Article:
Childhood Abuse – Why we can’t just “get over it”
The following is a speech I gave at a Women’s conference last year. I was asked to speak about the lingering effects of childhood abuse, why abuse continues to affects individuals into adulthood, and how to finally heal from childhood abuse.
Human beings are incredibly fascinating, unique creatures, which is why I love my job and find mental health so interesting. It is wonderful field for those of us who are called to help others, and the benefit is mutual. I often tell my clients that I get more from them than they do from me. My greatest reward is helping survivors of trauma and abuse to get their lives back, sometimes lives they have never had. For those who have survived childhood abuse, sometimes horrific experiences, they are often unaware of the depth of the impact on their functioning. One particular area of functioning that is profoundly impacted is self-worth.
Every individual has a set of core beliefs that comprises our constructed sense of self. Everyone has a way of viewing who they are as a person. This self-image, or constructed sense of self, is the product of a combination of genetics, biology, and especially the product of early childhood experiences. In particular, healthy attachment and attunement from our primary caregivers has a profound effect on the construction of who we are and how we view ourselves.
Every single experience we have as a child has an impact on who we are. The actions of our caregivers teach us about love, relationships, trust, the safety of the world, what we believe to be true about who we are, and what we believe about our importance and our value. Every single experience, every interaction becomes part of our inner working model of how the world works. Babies and children who have attuned caregivers (meaning – caregivers who react consistently and reliably to the child’s emotional and physical needs), learn that other people and the world are safe, predictable, trustworthy, and that the child herself has value and importance. Love for a child is separate from the concepts of attunement and attachment. A parent can love a child and fail to provide the attunement and attachment needed for healthy development.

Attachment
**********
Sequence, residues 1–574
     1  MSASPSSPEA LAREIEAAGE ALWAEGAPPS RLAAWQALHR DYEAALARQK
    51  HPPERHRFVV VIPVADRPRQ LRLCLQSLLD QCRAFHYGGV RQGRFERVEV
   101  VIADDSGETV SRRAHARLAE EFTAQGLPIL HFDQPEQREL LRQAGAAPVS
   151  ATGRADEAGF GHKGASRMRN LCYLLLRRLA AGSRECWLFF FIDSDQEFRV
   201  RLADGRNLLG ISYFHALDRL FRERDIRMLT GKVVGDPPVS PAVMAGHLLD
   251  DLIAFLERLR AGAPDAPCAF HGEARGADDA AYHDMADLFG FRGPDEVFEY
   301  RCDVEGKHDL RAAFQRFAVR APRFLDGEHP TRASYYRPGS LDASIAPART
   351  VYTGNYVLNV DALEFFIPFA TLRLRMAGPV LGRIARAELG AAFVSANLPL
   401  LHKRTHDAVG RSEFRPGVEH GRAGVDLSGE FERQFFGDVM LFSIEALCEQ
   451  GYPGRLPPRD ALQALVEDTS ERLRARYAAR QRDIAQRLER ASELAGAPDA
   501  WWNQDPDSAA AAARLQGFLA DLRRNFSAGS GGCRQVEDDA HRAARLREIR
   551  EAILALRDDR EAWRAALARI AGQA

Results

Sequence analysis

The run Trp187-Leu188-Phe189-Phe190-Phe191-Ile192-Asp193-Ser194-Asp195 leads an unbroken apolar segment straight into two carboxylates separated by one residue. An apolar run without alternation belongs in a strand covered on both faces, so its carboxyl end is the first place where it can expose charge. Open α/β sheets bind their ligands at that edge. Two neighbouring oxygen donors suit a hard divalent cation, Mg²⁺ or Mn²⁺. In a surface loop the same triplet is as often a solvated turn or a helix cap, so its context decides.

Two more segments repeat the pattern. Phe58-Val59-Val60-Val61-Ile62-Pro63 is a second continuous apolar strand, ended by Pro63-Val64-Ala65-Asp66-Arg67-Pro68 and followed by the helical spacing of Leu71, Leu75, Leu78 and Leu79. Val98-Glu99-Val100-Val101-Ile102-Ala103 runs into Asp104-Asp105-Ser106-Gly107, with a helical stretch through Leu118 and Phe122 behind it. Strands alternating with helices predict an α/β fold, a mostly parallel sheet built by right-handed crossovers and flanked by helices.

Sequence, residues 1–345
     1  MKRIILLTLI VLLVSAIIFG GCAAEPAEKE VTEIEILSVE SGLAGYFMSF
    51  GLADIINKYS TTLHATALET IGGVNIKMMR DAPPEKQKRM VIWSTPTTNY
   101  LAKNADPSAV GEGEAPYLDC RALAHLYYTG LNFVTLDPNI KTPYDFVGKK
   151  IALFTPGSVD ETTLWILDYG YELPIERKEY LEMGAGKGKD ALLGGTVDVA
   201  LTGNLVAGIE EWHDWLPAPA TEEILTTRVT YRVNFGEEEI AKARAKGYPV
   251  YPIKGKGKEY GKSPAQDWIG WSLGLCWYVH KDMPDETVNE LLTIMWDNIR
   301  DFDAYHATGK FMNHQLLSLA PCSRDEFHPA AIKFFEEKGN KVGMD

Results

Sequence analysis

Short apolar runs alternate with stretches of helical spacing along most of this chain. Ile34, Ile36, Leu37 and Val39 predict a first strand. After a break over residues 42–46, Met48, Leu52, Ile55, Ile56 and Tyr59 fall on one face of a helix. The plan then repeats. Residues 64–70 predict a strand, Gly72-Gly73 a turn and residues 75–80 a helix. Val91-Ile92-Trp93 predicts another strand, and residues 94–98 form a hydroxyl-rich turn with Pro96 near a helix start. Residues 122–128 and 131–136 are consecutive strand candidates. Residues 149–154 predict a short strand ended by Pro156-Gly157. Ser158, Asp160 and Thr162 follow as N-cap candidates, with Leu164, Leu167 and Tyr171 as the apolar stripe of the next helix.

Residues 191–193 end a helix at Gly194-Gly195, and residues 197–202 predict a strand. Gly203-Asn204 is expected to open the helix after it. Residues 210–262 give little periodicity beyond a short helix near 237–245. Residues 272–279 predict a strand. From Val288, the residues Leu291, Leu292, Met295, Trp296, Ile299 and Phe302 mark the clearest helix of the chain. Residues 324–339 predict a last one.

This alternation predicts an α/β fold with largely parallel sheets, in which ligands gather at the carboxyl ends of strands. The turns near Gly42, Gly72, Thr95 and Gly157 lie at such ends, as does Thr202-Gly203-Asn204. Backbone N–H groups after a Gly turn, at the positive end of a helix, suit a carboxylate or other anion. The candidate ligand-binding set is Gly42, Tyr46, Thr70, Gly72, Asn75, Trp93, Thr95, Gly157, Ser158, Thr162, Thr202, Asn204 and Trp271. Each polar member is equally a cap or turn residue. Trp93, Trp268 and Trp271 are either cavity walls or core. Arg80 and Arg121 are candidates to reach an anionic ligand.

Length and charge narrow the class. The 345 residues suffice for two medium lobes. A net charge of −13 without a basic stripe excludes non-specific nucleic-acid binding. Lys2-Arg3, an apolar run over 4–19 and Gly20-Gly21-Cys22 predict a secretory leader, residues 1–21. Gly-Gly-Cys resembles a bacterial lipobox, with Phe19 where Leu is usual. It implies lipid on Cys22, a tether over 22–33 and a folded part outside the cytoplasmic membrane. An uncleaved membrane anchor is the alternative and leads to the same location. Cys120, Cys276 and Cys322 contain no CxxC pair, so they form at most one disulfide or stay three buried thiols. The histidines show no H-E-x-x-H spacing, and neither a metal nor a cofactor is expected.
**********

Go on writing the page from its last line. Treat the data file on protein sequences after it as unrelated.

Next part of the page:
If attunement and healthy attachment are crucial to the healthy emotional and physical development of a child, then what happens when children experience a caregiver who is not attuned? What happens to a child who experiences a caregiver who is not attuned and abusive in some way?
For children raised by caregivers who are not attuned or who perpetrate abuse, a variety of factors contribute to outcomes. Interestingly, these outcomes vary widely and may not correlate to the level of abuse experienced. I have seen survivors of satanic ritual abuse who actually function quite well and seen others who struggle with anxiety and depression who experienced parental divorce as life changing. For children who are abused, the messages that are directly and indirectly sent to the child are negative, which, in turn, result in the construction of a negative or distorted belief system.
Think about a baby who is hungry and has a dirty diaper who is repeatedly left crying in her crib for extended periods of time. She will eventually learn to adapt to her environment and she will learn that she cannot trust anyone else to meet her needs. Her adaptation will include refraining from expressing her needs and suppressing them, learning to rely only on herself, and avoid trusting or relying on others. Even a baby who cannot consciously reason may begin to develop a deep-seated, foundational sense of unworthiness. Young children are egocentric in that they only understand the world as it relates to them. With this simplistic model of the world, whatever happens to them is bad because of them. They lack the ability to reason beyond themselves and this misunderstanding forms the basis of a belief system that will be the foundation upon which they build their sense of self.
Beliefs that are common for abuse survivors include “I’m not important” or “I’m not as good as other people” or “I am broken or damaged in some way.” These beliefs are created during the course of abuse and neglect. For example, a child who is ignored by a caregiver when they look up from building a tower of blocks in search of approval will learn “What I’m doing doesn’t matter; therefore, I don’t matter.” These experiences are accompanied by an indirect negative message that contributes to our belief system.
Going forward in life, as we have more and more experiences, we accept and incorporate those examples that confirm our existing beliefs, thus strengthening them, and we reject examples that challenge or contradict our negative beliefs.
Our foundational belief system underlies the manner in which we engage the world. Our core belief system is key in contributing to our emotional responses and our behavioral responses. For example, if I have a core belief that I am unlovable and I am overweight, I will probably feel sad, depressed, unlovable, and worthless. This pattern may contribute to sabotaging or avoiding behaviors when it comes to relationships.